“This morning,” my neighbor Mona* explained to me, “I told my husband that since the kids are out of school and he didn’t need to go into town, I would cook something special and we would have a party.” Mona has a wry sense of humor and I started to wonder what the punch line would be. “We were going to invite you, but instead we had a little party with the soldiers and the settlers.” Mona cocked her head to one side and shrugged, smiling ironically.
The “party” we had in At-Tuwani wasn’t nearly as fun as the party that Mona had planned. At about 9 am on the 26th of January, a settler from the Havot Ma’on settlement outpost entered the village of At-Tuwani, accompanied by the Israeli army and the Ma’on settlement security guard. The settler then entered the homes of my neighbors and searched in their animal pens. “What is he looking for?” my neighbors asked the soldiers. “If he thinks we’ve stolen something, bring the police and conduct a normal search. Where’s the rule of law?”
Between 15 and 20 settlers then joined the first, along with more soldiers. Mona’s husband tried to convince the soldiers to make the settlers leave the village. “We’ll go back instead our houses if they leave,” he said. But then the settlers started throwing stones at a group of Palestinian women and children. The next thing I knew, the soldiers were pointing their guns at my neighbors. One of them drew back his fist and punched someone in the face. It was Mfadi, the quietest, least imposing man in the village. His nose bleeding. Another soldier raised his gun and fired. For a moment I was stunned and dumbly wondered why no one seemed to be shot. Then I realized that it was a sound bomb and that the soldiers were likely to start using tear gas next. I saw the same soldier pull out another canister. “Don’t do it,” I started screaming. “There are women and children here. Don’t shoot that!”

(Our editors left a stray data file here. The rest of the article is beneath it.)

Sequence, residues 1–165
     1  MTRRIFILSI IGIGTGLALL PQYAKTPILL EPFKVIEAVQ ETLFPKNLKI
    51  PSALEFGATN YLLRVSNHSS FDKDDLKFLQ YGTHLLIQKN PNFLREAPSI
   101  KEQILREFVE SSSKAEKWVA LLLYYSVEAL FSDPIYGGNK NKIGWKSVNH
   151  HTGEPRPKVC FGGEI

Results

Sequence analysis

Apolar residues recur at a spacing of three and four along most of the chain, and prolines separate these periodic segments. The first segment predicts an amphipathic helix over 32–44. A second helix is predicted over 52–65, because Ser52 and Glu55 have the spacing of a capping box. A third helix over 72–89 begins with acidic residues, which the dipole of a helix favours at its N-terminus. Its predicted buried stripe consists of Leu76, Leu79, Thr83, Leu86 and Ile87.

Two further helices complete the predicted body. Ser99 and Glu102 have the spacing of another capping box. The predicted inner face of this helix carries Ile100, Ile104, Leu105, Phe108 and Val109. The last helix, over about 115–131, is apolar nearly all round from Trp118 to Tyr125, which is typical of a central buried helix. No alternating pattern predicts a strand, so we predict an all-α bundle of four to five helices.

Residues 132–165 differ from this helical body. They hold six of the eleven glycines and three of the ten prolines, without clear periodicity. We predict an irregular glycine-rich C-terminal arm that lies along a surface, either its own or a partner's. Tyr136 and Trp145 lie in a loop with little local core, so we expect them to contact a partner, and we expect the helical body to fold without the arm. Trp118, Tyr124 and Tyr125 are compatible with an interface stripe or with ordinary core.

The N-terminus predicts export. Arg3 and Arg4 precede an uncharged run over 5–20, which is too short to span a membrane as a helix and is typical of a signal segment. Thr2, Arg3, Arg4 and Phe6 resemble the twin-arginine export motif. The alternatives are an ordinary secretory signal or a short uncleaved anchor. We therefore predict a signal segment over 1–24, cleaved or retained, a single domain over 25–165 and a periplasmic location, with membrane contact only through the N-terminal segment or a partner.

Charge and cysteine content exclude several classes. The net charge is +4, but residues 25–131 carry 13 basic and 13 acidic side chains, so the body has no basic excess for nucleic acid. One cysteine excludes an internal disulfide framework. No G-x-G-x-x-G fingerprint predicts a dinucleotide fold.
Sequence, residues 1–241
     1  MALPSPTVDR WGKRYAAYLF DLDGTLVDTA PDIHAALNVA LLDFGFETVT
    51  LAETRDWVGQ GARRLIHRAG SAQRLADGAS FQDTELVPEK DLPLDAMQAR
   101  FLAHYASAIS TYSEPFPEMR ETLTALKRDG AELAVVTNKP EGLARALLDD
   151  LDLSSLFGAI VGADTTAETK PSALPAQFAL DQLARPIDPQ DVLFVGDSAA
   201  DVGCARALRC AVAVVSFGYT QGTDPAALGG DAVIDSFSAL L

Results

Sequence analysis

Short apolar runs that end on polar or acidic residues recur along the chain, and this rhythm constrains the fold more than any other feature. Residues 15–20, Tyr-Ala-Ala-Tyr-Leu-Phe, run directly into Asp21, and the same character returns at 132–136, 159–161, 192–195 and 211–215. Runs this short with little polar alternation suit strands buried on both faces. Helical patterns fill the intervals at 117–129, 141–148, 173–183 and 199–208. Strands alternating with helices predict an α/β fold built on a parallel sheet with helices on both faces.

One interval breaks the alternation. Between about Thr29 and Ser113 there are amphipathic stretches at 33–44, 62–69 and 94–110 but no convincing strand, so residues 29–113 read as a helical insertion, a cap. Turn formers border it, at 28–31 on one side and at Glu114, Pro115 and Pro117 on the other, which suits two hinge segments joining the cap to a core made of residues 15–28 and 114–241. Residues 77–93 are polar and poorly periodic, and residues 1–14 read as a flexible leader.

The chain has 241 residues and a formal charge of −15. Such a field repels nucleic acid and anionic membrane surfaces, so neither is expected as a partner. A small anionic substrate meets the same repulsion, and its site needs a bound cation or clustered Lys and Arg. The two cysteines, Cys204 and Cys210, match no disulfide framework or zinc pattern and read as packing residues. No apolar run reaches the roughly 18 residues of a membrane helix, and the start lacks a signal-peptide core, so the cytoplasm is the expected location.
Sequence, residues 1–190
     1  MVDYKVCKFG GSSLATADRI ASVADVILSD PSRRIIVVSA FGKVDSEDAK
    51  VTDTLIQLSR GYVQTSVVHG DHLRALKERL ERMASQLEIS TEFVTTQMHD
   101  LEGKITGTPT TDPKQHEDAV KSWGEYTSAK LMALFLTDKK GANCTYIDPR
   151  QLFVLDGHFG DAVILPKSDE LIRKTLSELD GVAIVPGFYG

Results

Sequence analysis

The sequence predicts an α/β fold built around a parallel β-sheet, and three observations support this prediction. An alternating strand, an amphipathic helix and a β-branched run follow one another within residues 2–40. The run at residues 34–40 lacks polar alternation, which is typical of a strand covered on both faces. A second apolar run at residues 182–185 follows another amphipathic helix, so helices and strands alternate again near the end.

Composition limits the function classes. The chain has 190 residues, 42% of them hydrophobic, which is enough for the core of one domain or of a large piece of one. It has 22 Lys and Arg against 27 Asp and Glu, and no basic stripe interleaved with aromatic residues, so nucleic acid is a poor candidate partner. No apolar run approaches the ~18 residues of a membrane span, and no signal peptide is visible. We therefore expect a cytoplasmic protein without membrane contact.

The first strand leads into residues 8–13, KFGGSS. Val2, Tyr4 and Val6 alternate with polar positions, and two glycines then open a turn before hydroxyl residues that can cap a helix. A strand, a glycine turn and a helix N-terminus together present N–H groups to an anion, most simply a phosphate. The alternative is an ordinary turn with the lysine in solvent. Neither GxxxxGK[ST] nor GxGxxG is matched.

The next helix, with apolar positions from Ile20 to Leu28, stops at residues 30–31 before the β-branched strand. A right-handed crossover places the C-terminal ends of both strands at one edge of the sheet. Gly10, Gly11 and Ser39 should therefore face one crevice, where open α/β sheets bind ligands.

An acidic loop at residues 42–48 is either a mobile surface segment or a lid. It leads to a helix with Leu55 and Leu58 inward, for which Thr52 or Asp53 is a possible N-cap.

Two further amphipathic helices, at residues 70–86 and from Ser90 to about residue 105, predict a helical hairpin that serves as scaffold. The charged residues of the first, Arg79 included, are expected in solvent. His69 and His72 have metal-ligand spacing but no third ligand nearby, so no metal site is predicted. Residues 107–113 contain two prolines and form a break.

Later, when the soldiers and settlers had left the village, Mona told me that Mfadi’s nose was broken and he would need an operation. She also said that the soldiers told her and the women that if they did not leave the area, they would arrest all of the men of the village and kill at least one. “We didn’t leave,” said Mona. “One of the girls told them they could take her whole family to jail if they wanted to. She said that there was no food in her house. At least there’s food in prison!” Mona laughed.
Then Mona told me about the party she had wanted to have, until the settlers and soldiers had prevented it. I started to wonder how many other parties were canceled because of the occupation that day. But then Mona smiled. “Maybe we’ll have our party tomorrow,” she said. Sure enough, the next afternoon I sat on Mona’s front porch laughing and sipping tea. As we ate the special food that Mona had promised, I imagined the celebration she will throw when the occupation finally over. Soldiers and settlers can’t cancel that party – only postpone it.